In the new issue of The Atlantic, the inimitable PJ O'Rourke tours Disneyland's revived House Of The Future attraction. According to O'Rourke, it's a boring beige abode lacking the imagination that makes futurism fun in the first place. From O'Rourke's piece, titled "Future Schlock":
According to Disney, the shape of things to come can be found at Pottery Barn, with a quick stop in Restoration Hardware for "classic future" touches and a trip to Target to get throw rugs and cheap Japanese paper lanterns. HoF II was designed by the Taylor Morrison company, a home builder specializing in anodyne subdevelopmental housing in the Southwest. The company's president and CEO told the Associated Press, "The 1950s home didn't look like anything, anywhere. It was space-age and kind of cold. We didn't want the home to intimidate the visitors…"
Denigration of the future has become an intellectual prop over the past 40 years. Looking forward went out of fashion about the time that Buckminster Fuller's audacious geodesic domes, meant to cover entire cities, wound up as hippie-height, wobbling, tent-sized structures on Mendocino County pot communes.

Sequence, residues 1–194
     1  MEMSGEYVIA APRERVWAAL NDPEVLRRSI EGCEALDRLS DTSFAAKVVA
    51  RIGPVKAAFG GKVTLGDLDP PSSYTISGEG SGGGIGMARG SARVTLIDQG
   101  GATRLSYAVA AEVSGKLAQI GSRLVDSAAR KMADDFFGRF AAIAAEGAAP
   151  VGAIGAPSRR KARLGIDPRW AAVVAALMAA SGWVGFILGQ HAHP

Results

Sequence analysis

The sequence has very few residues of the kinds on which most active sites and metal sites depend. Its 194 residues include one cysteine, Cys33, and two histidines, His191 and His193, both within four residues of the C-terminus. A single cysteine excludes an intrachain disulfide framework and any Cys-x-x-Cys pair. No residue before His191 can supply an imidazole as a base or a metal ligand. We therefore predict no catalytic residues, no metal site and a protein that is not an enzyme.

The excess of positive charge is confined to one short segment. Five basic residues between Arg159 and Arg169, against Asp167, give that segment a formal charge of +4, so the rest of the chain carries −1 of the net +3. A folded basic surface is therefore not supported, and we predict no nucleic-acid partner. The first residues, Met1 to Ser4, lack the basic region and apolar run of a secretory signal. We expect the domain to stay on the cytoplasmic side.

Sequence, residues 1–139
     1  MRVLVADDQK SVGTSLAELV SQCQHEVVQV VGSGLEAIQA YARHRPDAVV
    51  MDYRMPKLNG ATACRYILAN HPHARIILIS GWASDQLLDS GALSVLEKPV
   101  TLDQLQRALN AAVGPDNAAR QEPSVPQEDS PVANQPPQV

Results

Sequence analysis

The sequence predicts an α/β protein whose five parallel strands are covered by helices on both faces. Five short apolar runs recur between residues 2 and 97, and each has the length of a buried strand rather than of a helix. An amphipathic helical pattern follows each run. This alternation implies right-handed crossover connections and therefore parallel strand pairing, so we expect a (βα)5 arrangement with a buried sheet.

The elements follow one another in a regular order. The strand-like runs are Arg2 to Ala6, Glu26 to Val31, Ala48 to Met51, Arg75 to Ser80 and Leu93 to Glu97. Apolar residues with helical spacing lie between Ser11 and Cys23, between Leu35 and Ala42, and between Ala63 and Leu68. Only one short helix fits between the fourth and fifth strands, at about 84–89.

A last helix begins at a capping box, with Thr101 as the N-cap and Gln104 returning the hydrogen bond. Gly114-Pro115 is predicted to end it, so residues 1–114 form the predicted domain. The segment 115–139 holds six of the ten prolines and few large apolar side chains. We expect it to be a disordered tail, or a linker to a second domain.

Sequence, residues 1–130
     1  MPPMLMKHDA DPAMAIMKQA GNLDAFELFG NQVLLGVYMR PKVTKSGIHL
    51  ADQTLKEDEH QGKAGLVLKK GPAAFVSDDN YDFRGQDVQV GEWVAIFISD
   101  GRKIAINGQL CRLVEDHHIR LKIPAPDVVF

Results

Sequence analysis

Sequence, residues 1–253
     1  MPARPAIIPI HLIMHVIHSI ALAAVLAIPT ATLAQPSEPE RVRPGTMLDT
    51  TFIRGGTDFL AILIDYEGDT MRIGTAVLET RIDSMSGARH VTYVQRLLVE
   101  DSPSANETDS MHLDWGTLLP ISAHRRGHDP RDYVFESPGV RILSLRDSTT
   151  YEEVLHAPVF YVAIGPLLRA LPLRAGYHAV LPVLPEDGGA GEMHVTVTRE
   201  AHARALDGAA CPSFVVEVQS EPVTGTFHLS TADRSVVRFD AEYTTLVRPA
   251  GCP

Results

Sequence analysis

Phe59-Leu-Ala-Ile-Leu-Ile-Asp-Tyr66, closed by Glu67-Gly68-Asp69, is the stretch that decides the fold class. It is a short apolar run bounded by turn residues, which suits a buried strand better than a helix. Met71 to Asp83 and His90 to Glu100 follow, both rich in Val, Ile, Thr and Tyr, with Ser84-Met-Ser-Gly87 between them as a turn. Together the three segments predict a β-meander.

Bruce Handy, writing in Time about Disney's reopening of a deliberately out-of-date Tomorrowland in 1998, began his essay with the sentence, "The future isn't what it used to be." He went on, "It's not a novel observation to point out that our culture has become increasingly backward looking."
Well, given the future envisioned in Disney's House of the Future, who can blame us for looking the other way?
Disney's Tomorrowland is deeply, thoroughly, almost furiously unimaginative. This isn't the fault of the "Disney culture"; it is the fault of our culture. We seem to have entered a deeply unimaginative era.